Sunday, September 11, 2011

Where Were You On September 11, 2001?

Today marks the tenth anniversary of the 9/11 tragedy in New York City.  The hijacking of four airplanes with the innocent passengers ranging from newborns to the elderly, would take their last trip as they plunged into buildings or the quiet landscape of small community.

We all know the stories, the acts of heroism, the nameless faces of those who screamed in terror as they witnessed the unfathomable essence of pure evil.

Right before the news broke of the first airplane crashing into the World Trade Center, I had just stepped out of the career lab of South High School in Wichita, Kansas.  My freshmen were working with counselors and creating a career folder.  Basically, "What do I want to be when I grow up" type of lesson.  Passing by one of the administrator's offices, I noticed that one of our security guards and a couple of staff members were huddled around the television like a campfire scene.  Pausing mid-step, I inquired, "What are you doing?"  They all glanced up and one stated, "An airplane has hit one of the World Trade Centers."  I shook my head sadly, not at that moment, realizing the impact of his statement.  "Oh how horrible, " I replied.  The idea of an accident was the only conclusion my mind could concoct. 

Proceeding into the opposite office, I cleaned out my mailbox, spoke with a few of the office staff about student issues and retraced my steps toward my freshmen class.  When I heard, "What the hell is going on!"  I stepped back into the previous office.  The huddled group of colleagues quickly dispersed and the security guard shook his head as he walked past.  "We're at war."

What?  What!  "Wait a minute!  What's happening?"  I asked, as I grabbed his shirt sleeve.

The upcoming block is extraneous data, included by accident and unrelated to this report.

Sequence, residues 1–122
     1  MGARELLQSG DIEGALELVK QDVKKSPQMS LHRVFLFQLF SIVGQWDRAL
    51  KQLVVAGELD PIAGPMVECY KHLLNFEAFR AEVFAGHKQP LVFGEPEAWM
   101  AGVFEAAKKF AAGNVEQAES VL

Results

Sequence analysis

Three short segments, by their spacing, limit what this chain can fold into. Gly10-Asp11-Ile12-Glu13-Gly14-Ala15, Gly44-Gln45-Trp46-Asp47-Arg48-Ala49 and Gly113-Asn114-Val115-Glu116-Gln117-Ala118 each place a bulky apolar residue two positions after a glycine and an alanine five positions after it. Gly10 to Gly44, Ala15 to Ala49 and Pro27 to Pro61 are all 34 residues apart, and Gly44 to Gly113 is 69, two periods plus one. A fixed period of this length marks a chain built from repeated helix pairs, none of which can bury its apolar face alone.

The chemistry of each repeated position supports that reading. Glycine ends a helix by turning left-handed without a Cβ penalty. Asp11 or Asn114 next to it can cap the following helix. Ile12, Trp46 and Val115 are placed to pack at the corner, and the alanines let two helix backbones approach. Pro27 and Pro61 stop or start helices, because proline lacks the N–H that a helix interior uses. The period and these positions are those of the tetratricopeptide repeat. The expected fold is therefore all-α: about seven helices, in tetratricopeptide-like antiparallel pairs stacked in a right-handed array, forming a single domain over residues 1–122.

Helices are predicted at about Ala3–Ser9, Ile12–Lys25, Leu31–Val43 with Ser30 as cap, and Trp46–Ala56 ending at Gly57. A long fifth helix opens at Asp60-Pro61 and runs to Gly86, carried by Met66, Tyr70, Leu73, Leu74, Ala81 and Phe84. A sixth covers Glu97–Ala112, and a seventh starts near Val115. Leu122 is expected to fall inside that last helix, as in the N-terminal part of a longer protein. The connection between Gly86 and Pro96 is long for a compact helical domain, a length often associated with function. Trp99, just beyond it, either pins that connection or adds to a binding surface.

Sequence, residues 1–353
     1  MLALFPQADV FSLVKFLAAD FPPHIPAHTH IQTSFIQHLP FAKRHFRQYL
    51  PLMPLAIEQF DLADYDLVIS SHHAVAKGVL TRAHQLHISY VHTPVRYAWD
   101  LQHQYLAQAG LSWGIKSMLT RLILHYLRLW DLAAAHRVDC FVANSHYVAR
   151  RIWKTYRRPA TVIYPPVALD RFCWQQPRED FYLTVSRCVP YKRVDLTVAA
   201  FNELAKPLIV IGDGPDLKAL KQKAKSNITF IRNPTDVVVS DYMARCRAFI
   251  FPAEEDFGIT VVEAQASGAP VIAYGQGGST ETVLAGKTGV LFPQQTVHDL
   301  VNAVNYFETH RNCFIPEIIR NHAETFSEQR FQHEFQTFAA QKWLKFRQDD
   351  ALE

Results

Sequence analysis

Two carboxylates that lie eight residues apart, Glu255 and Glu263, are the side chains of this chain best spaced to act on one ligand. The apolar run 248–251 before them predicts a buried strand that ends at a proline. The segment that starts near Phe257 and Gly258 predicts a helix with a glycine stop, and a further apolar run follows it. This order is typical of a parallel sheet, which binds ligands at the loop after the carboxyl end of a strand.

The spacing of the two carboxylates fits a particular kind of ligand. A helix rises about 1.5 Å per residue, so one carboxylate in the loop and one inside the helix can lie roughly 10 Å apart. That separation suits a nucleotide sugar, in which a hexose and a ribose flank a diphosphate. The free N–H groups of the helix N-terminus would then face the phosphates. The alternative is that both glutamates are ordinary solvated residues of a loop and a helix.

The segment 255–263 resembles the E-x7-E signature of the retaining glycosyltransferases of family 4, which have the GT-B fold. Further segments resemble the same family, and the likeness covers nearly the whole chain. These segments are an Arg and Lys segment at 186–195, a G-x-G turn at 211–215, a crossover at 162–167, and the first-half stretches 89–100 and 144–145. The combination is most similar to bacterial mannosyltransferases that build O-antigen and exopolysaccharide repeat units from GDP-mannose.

"Another airplane has hit the other World Trade Center.  I just watched it live on television."  He walked away in search of our head principal.

I could feel my stomach began to churn and the implications of his statement.  A sudden sense of fright enveloped me and the first thing I thought of were my two girls, ages 1 and 5 at the time, and then my military husband.  I ran to the television, saw a few pictures of the burning buildings and returned to the counselor's office. 

I've been told my face is full of expression and that day, more so than ever. The counselor could read what was written on my face.  She knew something horrible had occurred but no clue just how much so.   As my students, my precious, young, innocent students continued to work, I whispered to the counselor what was happening.  I informed her that I needed to contact my husband.

I went into an office, dialed his number, and when he answered "unsecured line" my heart raced even faster.  "Michael?  What is happening?" 

"Not sure yet.  Don't expect me home for awhile," and within seconds, he hung up.

What just seemed like seconds, the news broke that the Pentagon had been hit. 

It was war.